“Let There Be Light” (US Army, 1946), directed by John Huston.
Let There Be Light is a documentary film commissioned by the United States Army Signal Corps, and directed by John Huston. It examines the fate of 75 U.S. soldiers suffering from debilitating emotional trauma, at the end of World War II. Huston chronicles their time at a large psychiatric hospital (Mason General), their treatment — particularly using psychoactive drugs and hypnosis, of which Huston himself became an enthusiastic practitioner during the period when the film was being made. The film portrayed emotional trauma as the most common kind of wartime casualties, amounting to twenty percent of wartime casualties. This thesis also made the film controversial. Just before its release, it was banned by the Army and was not publicly accessible until Secretary of the Army Clifford Alexander Jr. released it in the 1980s.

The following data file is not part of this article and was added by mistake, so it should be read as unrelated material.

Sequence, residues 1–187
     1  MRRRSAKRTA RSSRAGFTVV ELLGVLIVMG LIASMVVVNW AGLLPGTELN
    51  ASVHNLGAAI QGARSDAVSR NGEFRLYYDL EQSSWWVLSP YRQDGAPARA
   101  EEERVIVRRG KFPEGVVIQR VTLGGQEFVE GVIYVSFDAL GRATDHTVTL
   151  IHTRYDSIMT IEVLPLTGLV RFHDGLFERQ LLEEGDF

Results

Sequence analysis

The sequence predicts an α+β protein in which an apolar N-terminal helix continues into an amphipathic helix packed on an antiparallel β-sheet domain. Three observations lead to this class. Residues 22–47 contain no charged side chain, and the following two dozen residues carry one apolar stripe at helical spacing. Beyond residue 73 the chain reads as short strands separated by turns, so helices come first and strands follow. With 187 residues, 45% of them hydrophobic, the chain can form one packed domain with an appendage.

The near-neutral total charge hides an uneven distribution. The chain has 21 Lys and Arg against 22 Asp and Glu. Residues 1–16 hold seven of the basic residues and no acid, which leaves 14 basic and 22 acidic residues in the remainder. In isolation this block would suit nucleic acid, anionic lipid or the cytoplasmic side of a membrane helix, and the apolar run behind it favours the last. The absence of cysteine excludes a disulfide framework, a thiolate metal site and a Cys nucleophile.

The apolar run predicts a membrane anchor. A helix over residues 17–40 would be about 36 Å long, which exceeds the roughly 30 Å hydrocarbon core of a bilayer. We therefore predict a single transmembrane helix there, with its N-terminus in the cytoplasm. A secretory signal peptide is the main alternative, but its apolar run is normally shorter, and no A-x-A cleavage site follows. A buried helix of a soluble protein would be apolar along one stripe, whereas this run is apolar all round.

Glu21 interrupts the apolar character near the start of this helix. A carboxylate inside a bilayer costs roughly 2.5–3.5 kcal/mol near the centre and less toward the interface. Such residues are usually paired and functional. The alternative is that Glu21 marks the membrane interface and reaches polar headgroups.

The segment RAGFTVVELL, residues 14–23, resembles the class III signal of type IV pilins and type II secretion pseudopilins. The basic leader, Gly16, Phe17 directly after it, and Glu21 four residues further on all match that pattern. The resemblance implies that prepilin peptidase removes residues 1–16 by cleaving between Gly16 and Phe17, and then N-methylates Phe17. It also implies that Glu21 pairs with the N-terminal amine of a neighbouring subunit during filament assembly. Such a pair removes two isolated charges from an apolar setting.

Related films: “Battle Exhaustion” (1945), “Shades of Gray” (1948), “Combat fatigue irritability” (1945), “Combat psychiatry the battalion medical officer” (1954)
Grinker, Roy R., and Spiegel, John S., “Brief Psychiatry in War neuroses,” Psychosomatic Medicine April 1, 1944 vol. 6 no. 2 123-131
Grinker, Roy R., and Spiegel, John S., War Neuroses (1945).
Grinker, Roy R., and Spiegel, John S., Men Under Stress (1945).
Leys, Ruth, Trauma: A genealogy (Chicago: 2000).
Winter, Alison, “Film and the transformation of memory in psychoanalysis, 1940-1960,” Science in Context (2006), 19 (1), 111-136.
Winter, Alison,“Screening selves: sciences of identity and memory on film,” History of Psychology, November 2004, 367-401.
Canby, Vincent, “‘LET THERE BE LIGHT,’ JOHN HUSTON VS. THE ARMY”, New York Times, (January 16, 1981).